I've got to know Wendy Ward through Instagram, especially sewing photo events like #miymarch16 when you post a picture each day following a list of sewing themes. She's got a long background in the industry and I have huge respect for her work. She explains the basics of sewing so well- see this example on sewing machine settings from her blog - and is an industrious and independent spirit writing books as well as regular features in sewing magazines, running workshops and designing her pattern line. I got in touch with her recently for my Sewing World column and when we were emailing each other she asked if I'd like to try a pattern and review it here. I chose the Longley Cardigan and here it is!
It is a beginner friendly pattern- a page of the pattern is dedicated to information about knitted fabrics- their characteristics and how to sew them. On the pattern pieces, the seam edges are given letters and these are referred to in the instructions. There are lots of diagrams to support the written instructions and the Longley Cardi can be made using an overlocker or on a standard sewing machine. I used a mix of a Brother 1034d overlocker and my Bernina 830 record with a walking foot.
I made the cardigan from a lovely quality draped cotton loopback medium weight fabric from Ditto Fabrics. I've bought a selection of jersey fabrics from Ditto over the years and they have always been of very good quality and this was no exception- sadly it has sold out for the moment. When sewing a thicker knit fabric I usually refer to this very helpful Indie Sew Bulky Knits blog post and I used the settings specified as that machine matches mine! On my sewing machine I use a Bernina walking foot and a 90 ballpoint needle.
The pattern is clear and easy to follow. The cutting plans are accurate and there is relatively little fabric wastage and the fabric quantities specified were perforce. I used a knit that was over 150cm wide and it took 2 metres (that width/quantity applies to all three sizes). The only thing I changed on the pattern was not adding the sleeve cuffs. I read Rae's post and also Anna's review before I sewed it up so I knew the sleeves would be on the long side and so I turned up the sleeve ends by 1 ¼" and sewed a double needle hem using this method.
I added a few little extra touches that are decorative and have a little function including adding a strip of fabric over the back neckband seam. This is a ready-to-wear style finish that you see in sweatshirts and hoodies. It makes for a smooth neck and stops the seam flipping up after it's been pressed down. I used some Girl Charlee floral jersey that I had left over, it has a small amount of stretch. You could use twill tape or hem tape
Adding a Bias Neck Strip
- Cut a 1 ⅛" width 14" strip of jersey or bias fabric.
- With the fabric strip wrong side up, using a Hera marker or smooth bladed knife and a ruler, make a crease along the length of the fabric ¼" from each edge. Fold and press the short edges of the strip in by ¼" in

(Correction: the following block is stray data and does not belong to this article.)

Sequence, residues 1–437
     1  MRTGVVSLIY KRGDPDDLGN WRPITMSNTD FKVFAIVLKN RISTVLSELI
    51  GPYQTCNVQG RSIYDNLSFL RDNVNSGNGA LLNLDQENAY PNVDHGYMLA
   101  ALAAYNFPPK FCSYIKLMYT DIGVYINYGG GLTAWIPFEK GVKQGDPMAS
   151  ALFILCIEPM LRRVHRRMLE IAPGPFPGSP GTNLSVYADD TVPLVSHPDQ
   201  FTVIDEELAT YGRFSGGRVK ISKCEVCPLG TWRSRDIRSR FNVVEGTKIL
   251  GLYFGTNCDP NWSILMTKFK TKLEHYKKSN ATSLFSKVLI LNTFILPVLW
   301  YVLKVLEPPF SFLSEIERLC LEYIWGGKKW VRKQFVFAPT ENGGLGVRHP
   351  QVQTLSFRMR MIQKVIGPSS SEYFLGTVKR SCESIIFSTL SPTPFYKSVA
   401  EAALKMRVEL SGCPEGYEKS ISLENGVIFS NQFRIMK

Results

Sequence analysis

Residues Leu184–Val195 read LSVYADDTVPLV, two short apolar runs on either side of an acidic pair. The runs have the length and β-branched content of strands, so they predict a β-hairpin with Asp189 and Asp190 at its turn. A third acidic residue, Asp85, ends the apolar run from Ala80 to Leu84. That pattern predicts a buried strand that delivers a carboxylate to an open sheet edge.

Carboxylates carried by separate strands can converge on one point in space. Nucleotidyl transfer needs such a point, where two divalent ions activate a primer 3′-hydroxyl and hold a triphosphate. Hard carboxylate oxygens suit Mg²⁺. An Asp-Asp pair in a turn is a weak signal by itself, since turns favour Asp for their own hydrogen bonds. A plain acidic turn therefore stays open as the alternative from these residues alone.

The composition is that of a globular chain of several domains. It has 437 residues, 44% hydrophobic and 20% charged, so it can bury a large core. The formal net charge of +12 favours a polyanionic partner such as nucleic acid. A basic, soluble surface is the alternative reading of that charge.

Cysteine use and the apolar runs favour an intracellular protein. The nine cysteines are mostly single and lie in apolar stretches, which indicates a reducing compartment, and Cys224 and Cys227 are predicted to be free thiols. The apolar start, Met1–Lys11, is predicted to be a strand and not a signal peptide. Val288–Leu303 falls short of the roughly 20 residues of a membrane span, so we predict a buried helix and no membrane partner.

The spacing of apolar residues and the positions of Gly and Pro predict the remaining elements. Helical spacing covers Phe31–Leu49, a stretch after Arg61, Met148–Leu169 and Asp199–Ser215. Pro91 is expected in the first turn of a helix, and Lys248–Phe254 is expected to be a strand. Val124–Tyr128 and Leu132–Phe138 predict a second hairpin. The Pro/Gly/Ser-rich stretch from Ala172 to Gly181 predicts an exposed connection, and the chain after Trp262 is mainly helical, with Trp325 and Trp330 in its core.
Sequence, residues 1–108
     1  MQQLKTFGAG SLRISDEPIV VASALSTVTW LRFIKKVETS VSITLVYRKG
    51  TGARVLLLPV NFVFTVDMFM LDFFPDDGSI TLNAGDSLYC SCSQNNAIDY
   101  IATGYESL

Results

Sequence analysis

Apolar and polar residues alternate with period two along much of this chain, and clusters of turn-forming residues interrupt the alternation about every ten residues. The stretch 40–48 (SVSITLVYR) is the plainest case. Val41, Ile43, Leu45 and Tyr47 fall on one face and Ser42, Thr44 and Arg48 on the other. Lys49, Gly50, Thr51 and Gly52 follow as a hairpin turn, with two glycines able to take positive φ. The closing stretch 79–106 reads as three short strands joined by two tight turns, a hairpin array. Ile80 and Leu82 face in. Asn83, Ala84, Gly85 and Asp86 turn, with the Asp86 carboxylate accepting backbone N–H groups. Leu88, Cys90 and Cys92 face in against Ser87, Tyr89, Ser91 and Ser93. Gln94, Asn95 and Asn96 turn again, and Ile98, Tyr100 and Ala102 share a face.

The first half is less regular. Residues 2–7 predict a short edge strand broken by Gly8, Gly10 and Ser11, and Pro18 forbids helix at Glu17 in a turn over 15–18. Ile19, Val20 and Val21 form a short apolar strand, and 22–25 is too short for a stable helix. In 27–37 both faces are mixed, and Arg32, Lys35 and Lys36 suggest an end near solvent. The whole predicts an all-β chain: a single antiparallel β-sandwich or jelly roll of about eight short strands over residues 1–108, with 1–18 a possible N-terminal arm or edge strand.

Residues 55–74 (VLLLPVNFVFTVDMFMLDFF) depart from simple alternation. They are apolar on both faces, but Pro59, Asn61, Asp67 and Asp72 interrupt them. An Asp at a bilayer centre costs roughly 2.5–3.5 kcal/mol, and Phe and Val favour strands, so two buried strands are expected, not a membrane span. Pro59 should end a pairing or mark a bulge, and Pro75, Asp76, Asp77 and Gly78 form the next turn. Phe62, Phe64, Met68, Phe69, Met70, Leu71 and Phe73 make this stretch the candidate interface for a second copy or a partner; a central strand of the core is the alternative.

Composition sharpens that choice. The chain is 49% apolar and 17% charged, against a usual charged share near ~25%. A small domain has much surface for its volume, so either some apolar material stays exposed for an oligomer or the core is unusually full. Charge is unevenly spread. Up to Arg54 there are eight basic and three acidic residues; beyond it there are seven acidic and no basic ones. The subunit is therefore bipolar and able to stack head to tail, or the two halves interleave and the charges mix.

- Place the fabric strip along the neck seam (this should be pressed downwards). The crease of the strip will be lying against the seam line. Pin in place.
- Stitch along the crease using a slight zig zag to allow for a small amount of stretch. The start and end of the strip will be folded over. At the end of the stitching, trim the strip so there's an extra ¼" to fold inwards and stitch over it. My stitch settings were 0.5 width and 3 length. Flip the fabric over the stitching and press downwards.
- Fold the long raw edge so it tucks under the neck seam and pin into place.
- Starting at the short edge and pivoting at the corners, sew along the bottom edge of the strip.
I added some top stitching along the shoulder seams, the front neck band edges and the hem band just using a long straight stitch. These aren't areas that need to stretch and even though I had pressed everything I wanted the seams to stay firmly down plus I liked the look of the stitching. The fabric is such great quality and it didn't distort or go wavy- on a lighter weight cotton/lycra jersey it may not have worked so well!
|spot the stray thread! Perils of a dressmaker in photoshoot...|
I love the result. I've worn it every days since I completed it on Sunday, Even with the arrival of Spring, I know I need long sleeves for many more months and even well into the summer. The Longley Cardi is perfect for keeping warm working from home, wearing to yoga and pilates as an extra layer, throwing on as a jacket when the sun's out. My daughter has already put her order in so a second is definitely on the cards- I just need to find the right fabric for her. I think it would work well in a Ponte Roma too with a smarter and more structured jacket sort of look. Recommended!
2m of 160cm wide fabric
Changes- removed cuffs, turned up sleeve ends by 1 ¼".